Eddie and Billy served once again, but the rest of us slid into a pew about five rows from the front on the right hand side of the church. The altar was overcrowded with plants, flowers, Christmas trees, mangers, and other Christmas decorations. The choir was already singing traditional carols when we entered the church. I sat in the pew while the rest of the family knelt on the kneelers and said silent prayers for a few moments.
It was standing room only when the Shepherd's Mass began at Midnight, and Regina was right – it was a beautiful first Mass for me to attend. I was struck by the pageantry, the symbolism, the glory and the power of the celebration, including the special ceremonies like the blessing of the hay, the blessing of the statue of the Infant Jesus that was processed around the church and enshrined in the manger. There must have been thirty altar servers assisting Father Misiaszek and two deacons. Eddie seemed particularly serious and solemn as he participated in the rituals of the Mass.
Mary Ellen handed me a booklet to follow the Mass and I was able to read the prayers and creeds and better understand the liturgy as it unfolded. The ringing of the bells and the Gloria in Excelsis Deo were particularly moving. I tried to stand, sit and kneel at the appropriate times and attempted to verbally respond accordingly, but I was so taken by the majesty of the service that I found myself looking around and observing more than I participated.
Mary Ellen sat on my right and Regina sat on my left and I noticed that they were never distracted from what was taking place in front of them and I knew better than to whisper or bother them.
After Father Misiaszek read the gospel but before he began his Christmas Homily, he held up a white envelope from where he stood at the fancy lectern on the altar.
"This was hand delivered to me late this afternoon and I was asked to read it at this service," he said. "I have been informed and am now informing you that an anonymous benefactor has purchased the Saint Stanislaus Kostka School and The Convent House and plans to convert the property into a Polish Heritage, Culture Center museum and restaurant."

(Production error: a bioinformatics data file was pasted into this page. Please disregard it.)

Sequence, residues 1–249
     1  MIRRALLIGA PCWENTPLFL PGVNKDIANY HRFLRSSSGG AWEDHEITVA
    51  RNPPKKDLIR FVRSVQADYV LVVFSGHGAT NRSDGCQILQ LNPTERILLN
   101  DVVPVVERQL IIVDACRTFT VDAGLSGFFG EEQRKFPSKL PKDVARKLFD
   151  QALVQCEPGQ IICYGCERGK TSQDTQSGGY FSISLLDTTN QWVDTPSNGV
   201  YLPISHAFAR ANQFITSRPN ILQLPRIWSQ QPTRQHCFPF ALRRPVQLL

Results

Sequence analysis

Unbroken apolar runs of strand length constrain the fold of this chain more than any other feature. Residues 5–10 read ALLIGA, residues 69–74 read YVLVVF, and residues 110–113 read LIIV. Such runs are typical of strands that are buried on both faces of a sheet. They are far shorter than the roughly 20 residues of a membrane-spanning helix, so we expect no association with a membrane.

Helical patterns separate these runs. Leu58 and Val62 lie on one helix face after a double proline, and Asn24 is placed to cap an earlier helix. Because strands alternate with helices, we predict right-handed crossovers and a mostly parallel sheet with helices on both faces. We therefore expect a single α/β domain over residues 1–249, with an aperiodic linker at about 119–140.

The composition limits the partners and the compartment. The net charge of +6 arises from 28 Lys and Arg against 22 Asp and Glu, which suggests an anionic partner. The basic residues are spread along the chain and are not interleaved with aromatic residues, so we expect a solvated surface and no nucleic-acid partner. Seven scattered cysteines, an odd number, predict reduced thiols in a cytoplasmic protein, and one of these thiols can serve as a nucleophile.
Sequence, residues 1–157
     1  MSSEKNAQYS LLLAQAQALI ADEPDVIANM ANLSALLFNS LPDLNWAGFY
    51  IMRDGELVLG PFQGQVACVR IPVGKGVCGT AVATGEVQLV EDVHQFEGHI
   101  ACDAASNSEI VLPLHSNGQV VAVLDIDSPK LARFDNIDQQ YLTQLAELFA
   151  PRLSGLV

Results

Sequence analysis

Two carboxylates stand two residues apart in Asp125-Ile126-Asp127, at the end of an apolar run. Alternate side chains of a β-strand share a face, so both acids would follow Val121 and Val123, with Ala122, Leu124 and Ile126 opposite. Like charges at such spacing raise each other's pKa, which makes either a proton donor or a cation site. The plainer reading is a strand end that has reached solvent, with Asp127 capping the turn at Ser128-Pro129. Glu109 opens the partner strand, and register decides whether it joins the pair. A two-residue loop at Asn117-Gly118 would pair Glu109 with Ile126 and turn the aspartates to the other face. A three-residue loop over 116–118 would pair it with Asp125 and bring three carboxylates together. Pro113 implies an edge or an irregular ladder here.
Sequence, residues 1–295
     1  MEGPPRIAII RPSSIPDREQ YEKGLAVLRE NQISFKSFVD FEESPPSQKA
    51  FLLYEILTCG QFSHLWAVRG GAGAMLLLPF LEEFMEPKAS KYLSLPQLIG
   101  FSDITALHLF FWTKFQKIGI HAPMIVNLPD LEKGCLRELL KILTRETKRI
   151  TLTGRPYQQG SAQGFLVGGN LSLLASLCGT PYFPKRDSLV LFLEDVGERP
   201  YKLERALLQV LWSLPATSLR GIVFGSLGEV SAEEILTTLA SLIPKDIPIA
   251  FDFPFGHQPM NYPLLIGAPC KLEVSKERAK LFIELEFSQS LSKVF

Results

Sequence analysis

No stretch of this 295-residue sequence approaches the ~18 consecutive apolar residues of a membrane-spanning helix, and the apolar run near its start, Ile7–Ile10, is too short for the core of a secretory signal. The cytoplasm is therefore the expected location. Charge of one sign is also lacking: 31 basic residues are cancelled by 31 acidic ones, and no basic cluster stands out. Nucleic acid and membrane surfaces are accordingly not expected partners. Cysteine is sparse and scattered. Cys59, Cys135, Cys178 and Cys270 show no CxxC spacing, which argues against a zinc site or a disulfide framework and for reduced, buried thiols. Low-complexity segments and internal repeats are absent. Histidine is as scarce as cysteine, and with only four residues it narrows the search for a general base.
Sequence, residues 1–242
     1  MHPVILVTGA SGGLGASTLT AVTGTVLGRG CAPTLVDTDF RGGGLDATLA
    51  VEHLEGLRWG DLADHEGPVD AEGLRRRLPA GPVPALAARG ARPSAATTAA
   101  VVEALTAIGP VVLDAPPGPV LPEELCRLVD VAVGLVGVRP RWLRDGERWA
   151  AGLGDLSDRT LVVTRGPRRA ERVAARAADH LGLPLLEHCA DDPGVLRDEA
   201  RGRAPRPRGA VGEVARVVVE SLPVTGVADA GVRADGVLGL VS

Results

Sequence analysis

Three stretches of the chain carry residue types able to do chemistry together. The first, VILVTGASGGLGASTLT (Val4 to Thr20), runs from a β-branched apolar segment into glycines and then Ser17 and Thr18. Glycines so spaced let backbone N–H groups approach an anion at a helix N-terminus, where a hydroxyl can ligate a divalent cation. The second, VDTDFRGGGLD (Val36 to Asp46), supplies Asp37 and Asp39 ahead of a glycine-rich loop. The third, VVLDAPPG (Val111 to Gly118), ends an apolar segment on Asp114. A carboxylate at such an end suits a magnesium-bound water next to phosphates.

There was a murmuring of surprised reaction, mostly relief from what I could tell as the parishioners digested what the priest had said, but Father offered no further comment as he immediately began delivering his homily that was centered on the Baby Jesus as Savior of man, the rebirth of hope and redemption, and the merging of Christmases past into the present as the Holy Name of Jesus celebrated its first Christmas as a parish.
The Eucharistic celebration was fascinating, but I had been warned not to leave the pew when the others went to receive Communion.
"The worse thing a non-Catholic or a Catholic in the state of sin can do is receive the Eucharist," Grandma Rose cautioned me before we left the house. "Catholics believe that the Eucharist is the actual body and blood of our Lord Jesus Christ and we must be worthy to receive it."
"I guess I am not worthy," I said.
"Not yet," Mary Ellen agreed.
The Savinski family lagged in the pew after the striking and moving Mass was completed. The choir continued to sing as the family knelt and silently prayed as most of the parishioners left the church. I noticed several other people staying behind in quiet prayer and reflection, lighting memorial candles on the altar, or praying in front of the Baby Jesus in the Manger.
The conversation on the stone steps outside the church was mostly about the anonymous benefactor who was described by most as a Christmas Gift, a miracle from God, and the answer to so many prayers.
"Where was this benefactor a year ago when we were trying to save the school?" Grandma Rose complained as we walked through the late cold night to the cars. "That's what I want to know. Isn't it a little late now?"
"Better late than never," Iggy figured. "A Polish Heritage Center and restaurant sounds like a good thing."
Eddie and Billy joined up with us and we headed home at nearly 1:30 on Christmas morning. Nobody bothered looking to the sky for Santa and his sleigh, knowing that the true meaning of Christmas had just taken place inside the church.
Once safely inside the warmth of the Savinski house, Eddie revealed that Father had little to say about the anonymous benefactor or the future of the former school in the Sacristy after Mass.
"I don't think he really knows what to make of it," Eddie said as we gathered in the living room.
"I guess it will take awhile to get accustomed to the idea of no more catholic school here," Mrs. Savinski said.
"Anything is better than condos," Mary Ellen remarked.
The Savinski family was basking in the glow of their religious experience and the aftermath of a spiritually reinvigorating Mass. I had been around plenty of drunk and stoned teenagers and adults in my time, but I had never witnessed people enjoying a natural high like the Savinski's on this night.
One by one, the various family members said their goodnights, wishing one another a Merry Christmas and making their way upstairs for bed.
Eddie, Mary Ellen and I sat around the kitchen table eating a piece of apple pie while Mary Ellen and Eddie tried to come up with candidates that might be the anonymous benefactor, most of whom were dead. I was captivated that my name never crossed either of their minds as a possible miracle worker and it made me realize just how invisible I was in their eyes on the subject of Faith and good works.